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Saturday, November 29, 2008

Sale of Library painting will benefit building for future

Boy winding line, Winslow Homer, 1875.

After a good deal of soul-searching, the Plainfield Public Library's board of trustees has decided to sell one of its three Homer art works at auction this coming week.

The story is well-reported by Mark Spivey in the Friday print edition of the Courier, but it never made it online until later in the day.

Read the full story and explanation of how the decision was arrived at and how the proceeds will be guarded and spent here.

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Anonymous said...

So I guess this will set a president that if you leave endowment there is no guarantee that it will stay there. Could they pick a worst time to auction anything? The reason that their fund raisers fell short is due to the economy. It doesn’t take a rocket scientist to realize that they are not going to get what it is worth. What’s the haste? If it’s worth so much why can’t you rent it to a museum? Sounds a lot like what happened to Muhlenberg hospital. Hasn’t anyone figured out that once its gone you can not get it back? Not in Plainfield.

Bill Hetfield said...

Positive spin on a negative act by the library board. First the hospital and now a WH painting. Can't expect much from well meaning people who have little or no historical perspective of the community and little or no emotional ties to the community. Selling assests is a short term fix that does not address the cause for the library's economic plight. Unless the causes are addressed, we can expect the selling of more assets such as a Beirdstadt painting. The donor of the WP expected the library to preserve the pinting for future generations to view not to sell the painting to cover capital improvements and operating expenses. To think otherwise is self-serving and an abuse of position by the board.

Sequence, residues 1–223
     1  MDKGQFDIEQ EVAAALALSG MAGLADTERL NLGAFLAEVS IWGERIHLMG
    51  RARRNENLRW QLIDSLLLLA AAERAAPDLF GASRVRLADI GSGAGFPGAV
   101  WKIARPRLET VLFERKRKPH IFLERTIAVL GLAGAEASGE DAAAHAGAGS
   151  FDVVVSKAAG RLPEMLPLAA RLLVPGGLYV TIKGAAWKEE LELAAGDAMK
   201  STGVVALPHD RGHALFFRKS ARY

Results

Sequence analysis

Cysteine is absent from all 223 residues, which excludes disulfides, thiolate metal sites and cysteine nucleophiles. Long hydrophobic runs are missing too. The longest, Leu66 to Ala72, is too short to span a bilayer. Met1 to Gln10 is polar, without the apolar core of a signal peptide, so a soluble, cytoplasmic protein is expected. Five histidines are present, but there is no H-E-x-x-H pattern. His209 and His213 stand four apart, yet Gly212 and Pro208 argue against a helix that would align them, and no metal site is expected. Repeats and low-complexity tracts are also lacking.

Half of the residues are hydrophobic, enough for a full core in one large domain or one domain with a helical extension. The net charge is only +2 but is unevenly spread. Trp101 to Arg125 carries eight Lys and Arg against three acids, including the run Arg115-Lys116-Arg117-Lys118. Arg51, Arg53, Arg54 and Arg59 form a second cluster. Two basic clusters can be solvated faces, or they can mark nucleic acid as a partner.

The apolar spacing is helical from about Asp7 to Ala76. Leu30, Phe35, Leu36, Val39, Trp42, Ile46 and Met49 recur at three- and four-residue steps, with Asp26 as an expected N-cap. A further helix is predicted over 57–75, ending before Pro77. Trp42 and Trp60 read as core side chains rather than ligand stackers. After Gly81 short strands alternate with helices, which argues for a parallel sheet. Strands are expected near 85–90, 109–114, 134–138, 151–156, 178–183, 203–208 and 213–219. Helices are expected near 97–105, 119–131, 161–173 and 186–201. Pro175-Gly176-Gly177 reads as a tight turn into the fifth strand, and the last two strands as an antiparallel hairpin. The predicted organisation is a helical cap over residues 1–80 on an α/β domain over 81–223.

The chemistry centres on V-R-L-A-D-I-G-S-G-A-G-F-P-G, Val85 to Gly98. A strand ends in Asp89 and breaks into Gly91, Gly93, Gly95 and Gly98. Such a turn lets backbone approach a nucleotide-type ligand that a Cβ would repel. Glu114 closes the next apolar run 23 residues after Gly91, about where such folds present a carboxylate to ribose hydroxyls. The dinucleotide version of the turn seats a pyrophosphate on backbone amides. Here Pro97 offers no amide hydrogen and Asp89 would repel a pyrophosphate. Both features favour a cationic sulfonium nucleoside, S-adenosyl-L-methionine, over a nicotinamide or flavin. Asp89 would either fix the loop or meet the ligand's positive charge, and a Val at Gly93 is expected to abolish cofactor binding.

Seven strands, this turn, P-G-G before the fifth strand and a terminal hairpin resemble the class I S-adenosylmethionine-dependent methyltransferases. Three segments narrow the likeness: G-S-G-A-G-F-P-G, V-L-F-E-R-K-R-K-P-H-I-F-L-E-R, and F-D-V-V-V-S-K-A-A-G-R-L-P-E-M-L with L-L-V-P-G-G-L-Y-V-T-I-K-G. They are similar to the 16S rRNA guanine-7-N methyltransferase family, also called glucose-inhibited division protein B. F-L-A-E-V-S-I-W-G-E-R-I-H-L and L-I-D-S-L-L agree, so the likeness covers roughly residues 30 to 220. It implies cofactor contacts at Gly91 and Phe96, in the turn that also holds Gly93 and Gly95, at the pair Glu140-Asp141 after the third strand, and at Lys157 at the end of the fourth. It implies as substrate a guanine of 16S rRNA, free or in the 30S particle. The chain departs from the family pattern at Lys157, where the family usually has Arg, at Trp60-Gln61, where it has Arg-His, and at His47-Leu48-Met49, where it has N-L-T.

Anonymous said...

Well at least you printed Bill's comments. I didn’t think you were like JG and printed only what you want to hear. Too bad Dan because some people have to be anonymous because we have to work with the powers to be and as you know when you lost your job, you cant voice your opinion!
This message is just for you Dan.

Dan said...

To 4:23 --
Just for the record, I retired in 2006, and didn't 'lose my job'. Others were less fortunate, and then there are some who didn't lose their job, but were made to work under such conditions as in the basement of the annex with the rats and mildew.